Free Melecio

Melecio Andazola Morales, father of Viviana Andazola Marquez ’18, will be under immediate threat of deportation starting this Thursday if the U.S. government denies him asylum, Andazola Marquez told the News.

Up to this point, she said, Andaloza Morales was protected from deportation to Mexico only because he was going through the asylum process. After he was detained, ICE was required by law to give him an asylum interview, she added. Following the interview, she said, ICE concluded that Andazola Morales did not have a “claim to reasonable fear” — a standard that allows detainees to avoid deportation if there is reasonable fear they will be persecuted or tortured after returning to their home country.

A hearing to appeal ICE’s decision is scheduled for this Thursday. If that appeal is denied, Andazola Morales could face immediate deportation, unless ICE Director Jeffrey Lynch grants him a stay of removal, Andazola Marquez said. ICE did not immediately respond to a request for comment on Melecio’s case late Tuesday night.

“That might be the best case scenario while we await a decision on the motion to reopen his case in El Paso,” Andazola Marquez told the News. “Jeffrey Lynch can grant a stay, so it’s important to continue showing community support for that motion.”

On Nov. 16, Andazola Morales’ lawyer filed a motion to reopen the case regarding his initial order of exclusion, which stemmed from his first arrest in El Paso, Texas in 1997 for entering the country as an undocumented immigrant.

According to the #FreeMelecio Facebook page, Lynch sent a letter to the Melecio team on Nov. 3 stating that “he would not be using prosecutorial discretion to cancel Melecio’s exclusion order.” A stay of removal order, which is a legal motion different from cancelling Melecio’s exclusion order, would also grant Andazola Morales a stay.

Amid these new legal developments, the #FreeMelecio campaign has continued at Yale and in Colorado. As late as last Monday — Andazola Morales’ birthday — the #FreeMelecio Facebook account was still directing supporters to call Lynch to request that he grant Melecio a stay of removal and release him from custody.

Politicians in Colorado have also stepped up their support for Andazola Morales over the past month. U.S. Rep. Ed Perlmutter, D-Colo., and U.S. Senator Michael Bennet, D-Colo., each sponsored bills, on Nov. 9 and Nov. 13 respectively, to release Andazola Morales from custody and allow him to pursue legal residency in the United States.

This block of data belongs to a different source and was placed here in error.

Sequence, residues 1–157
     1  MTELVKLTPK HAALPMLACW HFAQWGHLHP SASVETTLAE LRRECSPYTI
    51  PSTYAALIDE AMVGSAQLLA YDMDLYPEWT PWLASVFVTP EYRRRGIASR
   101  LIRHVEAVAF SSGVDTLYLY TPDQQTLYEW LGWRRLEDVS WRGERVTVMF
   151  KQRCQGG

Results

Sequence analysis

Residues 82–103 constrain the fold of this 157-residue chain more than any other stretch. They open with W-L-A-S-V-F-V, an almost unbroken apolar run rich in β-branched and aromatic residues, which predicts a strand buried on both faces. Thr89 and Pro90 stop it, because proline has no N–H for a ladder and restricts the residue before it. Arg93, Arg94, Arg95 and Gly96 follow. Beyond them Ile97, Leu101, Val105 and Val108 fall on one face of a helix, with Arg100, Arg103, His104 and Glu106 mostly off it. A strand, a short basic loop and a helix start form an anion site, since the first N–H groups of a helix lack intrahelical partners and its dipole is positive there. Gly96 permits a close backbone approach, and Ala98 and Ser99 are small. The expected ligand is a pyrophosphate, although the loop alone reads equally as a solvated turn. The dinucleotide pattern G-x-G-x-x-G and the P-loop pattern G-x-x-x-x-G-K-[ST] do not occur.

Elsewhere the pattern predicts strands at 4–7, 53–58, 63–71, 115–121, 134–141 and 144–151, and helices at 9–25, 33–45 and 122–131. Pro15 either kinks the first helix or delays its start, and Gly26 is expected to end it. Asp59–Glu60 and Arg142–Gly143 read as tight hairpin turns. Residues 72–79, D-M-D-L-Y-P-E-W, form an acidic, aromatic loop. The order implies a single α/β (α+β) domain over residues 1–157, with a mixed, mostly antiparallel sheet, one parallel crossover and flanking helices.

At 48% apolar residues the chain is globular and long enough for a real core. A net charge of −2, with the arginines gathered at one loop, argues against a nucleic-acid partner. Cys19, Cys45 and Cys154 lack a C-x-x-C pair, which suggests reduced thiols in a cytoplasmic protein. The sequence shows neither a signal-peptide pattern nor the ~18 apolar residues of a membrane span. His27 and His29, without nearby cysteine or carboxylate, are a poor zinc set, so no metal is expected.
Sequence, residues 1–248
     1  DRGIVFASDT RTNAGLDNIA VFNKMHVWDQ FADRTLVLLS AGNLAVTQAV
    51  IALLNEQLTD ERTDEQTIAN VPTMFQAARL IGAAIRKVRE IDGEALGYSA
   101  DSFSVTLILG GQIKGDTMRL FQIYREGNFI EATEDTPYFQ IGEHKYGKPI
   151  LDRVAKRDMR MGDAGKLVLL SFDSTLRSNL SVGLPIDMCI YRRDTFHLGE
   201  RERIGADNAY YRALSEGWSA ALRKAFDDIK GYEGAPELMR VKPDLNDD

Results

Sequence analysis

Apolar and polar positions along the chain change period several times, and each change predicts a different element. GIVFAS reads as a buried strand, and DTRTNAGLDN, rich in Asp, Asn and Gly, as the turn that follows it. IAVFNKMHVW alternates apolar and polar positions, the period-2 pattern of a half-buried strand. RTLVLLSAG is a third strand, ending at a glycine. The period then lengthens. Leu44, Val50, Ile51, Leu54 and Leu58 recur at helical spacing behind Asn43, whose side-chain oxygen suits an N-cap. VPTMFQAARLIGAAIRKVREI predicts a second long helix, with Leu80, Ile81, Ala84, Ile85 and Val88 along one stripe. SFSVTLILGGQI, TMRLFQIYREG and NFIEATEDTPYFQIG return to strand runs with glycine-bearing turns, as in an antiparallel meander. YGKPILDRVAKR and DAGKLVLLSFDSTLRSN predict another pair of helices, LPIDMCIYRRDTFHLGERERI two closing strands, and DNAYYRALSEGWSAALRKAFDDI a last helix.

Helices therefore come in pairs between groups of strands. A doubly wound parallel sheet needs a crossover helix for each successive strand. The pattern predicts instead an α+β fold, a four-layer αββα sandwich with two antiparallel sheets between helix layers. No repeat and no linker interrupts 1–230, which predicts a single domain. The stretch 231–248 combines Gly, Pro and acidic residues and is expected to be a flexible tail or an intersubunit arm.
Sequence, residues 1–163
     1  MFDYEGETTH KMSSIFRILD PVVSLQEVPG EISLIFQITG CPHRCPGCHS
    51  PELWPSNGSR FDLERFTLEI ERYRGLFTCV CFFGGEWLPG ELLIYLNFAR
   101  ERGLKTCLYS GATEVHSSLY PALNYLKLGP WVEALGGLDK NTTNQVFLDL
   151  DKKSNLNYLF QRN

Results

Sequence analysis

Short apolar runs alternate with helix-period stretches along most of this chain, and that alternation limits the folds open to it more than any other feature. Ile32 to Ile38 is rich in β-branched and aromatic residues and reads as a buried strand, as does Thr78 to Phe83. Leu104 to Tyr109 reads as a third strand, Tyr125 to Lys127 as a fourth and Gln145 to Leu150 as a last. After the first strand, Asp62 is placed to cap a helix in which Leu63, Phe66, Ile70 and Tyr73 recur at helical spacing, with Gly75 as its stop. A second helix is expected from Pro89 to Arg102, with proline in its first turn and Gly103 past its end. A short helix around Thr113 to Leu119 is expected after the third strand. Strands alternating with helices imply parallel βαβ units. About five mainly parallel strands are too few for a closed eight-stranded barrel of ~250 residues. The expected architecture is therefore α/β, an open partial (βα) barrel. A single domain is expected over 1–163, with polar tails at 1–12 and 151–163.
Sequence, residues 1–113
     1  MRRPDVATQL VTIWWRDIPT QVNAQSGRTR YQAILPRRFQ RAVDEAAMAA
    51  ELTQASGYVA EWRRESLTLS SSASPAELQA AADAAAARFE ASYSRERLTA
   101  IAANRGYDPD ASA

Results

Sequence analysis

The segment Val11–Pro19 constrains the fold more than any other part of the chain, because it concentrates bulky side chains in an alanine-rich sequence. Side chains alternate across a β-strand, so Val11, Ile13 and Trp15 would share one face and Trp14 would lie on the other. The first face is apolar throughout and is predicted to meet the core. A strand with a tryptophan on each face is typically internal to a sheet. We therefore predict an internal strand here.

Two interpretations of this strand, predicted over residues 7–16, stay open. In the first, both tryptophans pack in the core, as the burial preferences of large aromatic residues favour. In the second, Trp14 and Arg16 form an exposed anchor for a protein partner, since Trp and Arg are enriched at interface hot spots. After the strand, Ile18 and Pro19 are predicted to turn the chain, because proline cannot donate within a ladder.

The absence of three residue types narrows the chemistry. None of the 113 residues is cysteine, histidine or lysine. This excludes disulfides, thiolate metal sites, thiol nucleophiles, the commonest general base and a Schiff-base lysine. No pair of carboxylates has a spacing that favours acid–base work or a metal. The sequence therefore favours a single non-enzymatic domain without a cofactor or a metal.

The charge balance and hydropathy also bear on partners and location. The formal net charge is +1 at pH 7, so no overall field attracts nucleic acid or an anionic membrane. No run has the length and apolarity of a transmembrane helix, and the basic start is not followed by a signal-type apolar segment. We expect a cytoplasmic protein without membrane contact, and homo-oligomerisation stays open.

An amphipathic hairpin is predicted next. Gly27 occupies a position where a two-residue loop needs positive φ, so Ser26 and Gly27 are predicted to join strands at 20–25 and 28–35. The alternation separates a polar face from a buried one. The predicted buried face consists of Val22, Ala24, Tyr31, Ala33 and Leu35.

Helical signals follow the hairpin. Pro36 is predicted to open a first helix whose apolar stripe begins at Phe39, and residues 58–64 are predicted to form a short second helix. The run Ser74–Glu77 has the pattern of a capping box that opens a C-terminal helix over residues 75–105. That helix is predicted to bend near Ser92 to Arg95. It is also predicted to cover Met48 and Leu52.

Perlmutter’s and Bennet’s bills would make Andazola Morales eligible to receive an immigrant visa or to have his status adjusted “to that of an alien lawfully admitted for permanent residence” upon filing an application for an immigrant visa. 

The effect the legislation will have on Andazola Morales’ situation remains unclear because, under President Donald Trump’s administration, ICE no longer defers action when lawmakers introduce such “private bills” in Congress.

Other politicians have also thrown their support behind the effort to free Andazola Morales from custody. U.S. Rep. Jared Polis, D-Colo., a leading gubernatorial candidate for Colorado and one of the wealthiest members of Congress, released a statement in mid-October saying he had instructed his staff to do everything in its power to help Andazola Morales and his family.

“The level of support that Melecio Andazola Morales has received is an indication of his strong ties to the U.S.,” Polis told the News. “It is also an indication that the community demands a more deliberate and humane immigration system with due process protections.”

Polis added that he and other congressional colleagues have sent a letter to the Department of Homeland Security asking ICE to release Melecio to give him the chance to appear before an immigration judge.

As of Tuesday evening, a petition to release Andazola Morales from custody has over 23,100 signatures, and a GoFundme campaign to support him and his family has raised over $78,500.

Britton O’Daly | britton.odaly@yale.edu